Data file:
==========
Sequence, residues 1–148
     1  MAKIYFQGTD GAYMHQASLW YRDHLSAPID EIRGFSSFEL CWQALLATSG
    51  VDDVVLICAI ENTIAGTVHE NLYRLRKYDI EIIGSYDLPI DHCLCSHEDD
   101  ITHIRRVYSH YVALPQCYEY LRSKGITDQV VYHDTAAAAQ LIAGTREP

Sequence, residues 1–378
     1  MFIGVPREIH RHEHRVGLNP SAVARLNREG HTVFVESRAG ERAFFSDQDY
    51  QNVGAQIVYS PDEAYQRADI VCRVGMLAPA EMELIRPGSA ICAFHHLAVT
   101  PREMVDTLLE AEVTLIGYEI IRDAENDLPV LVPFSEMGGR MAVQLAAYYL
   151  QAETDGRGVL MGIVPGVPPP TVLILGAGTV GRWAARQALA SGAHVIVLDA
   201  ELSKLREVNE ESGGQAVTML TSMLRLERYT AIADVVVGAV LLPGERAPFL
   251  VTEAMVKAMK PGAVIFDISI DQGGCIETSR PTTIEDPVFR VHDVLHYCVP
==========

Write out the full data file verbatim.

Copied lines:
Sequence, residues 1–148
     1  MAKIYFQGTD GAYMHQASLW YRDHLSAPID EIRGFSSFEL CWQALLATSG
    51  VDDVVLICAI ENTIAGTVHE NLYRLRKYDI EIIGSYDLPI DHCLCSHEDD
   101  ITHIRRVYSH YVALPQCYEY LRSKGITDQV VYHDTAAAAQ LIAGTREP

Sequence, residues 1–378
     1  MFIGVPREIH RHEHRVGLNP SAVARLNREG HTVFVESRAG ERAFFSDQDY
    51  QNVGAQIVYS PDEAYQRADI VCRVGMLAPA EMELIRPGSA ICAFHHLAVT
   101  PREMVDTLLE AEVTLIGYEI IRDAENDLPV LVPFSEMGGR MAVQLAAYYL
   151  QAETDGRGVL MGIVPGVPPP TVLILGAGTV GRWAARQALA SGAHVIVLDA
   201  ELSKLREVNE ESGGQAVTML TSMLRLERYT AIADVVVGAV LLPGERAPFL
   251  VTEAMVKAMK PGAVIFDISI DQGGCIETSR PTTIEDPVFR VHDVLHYCVP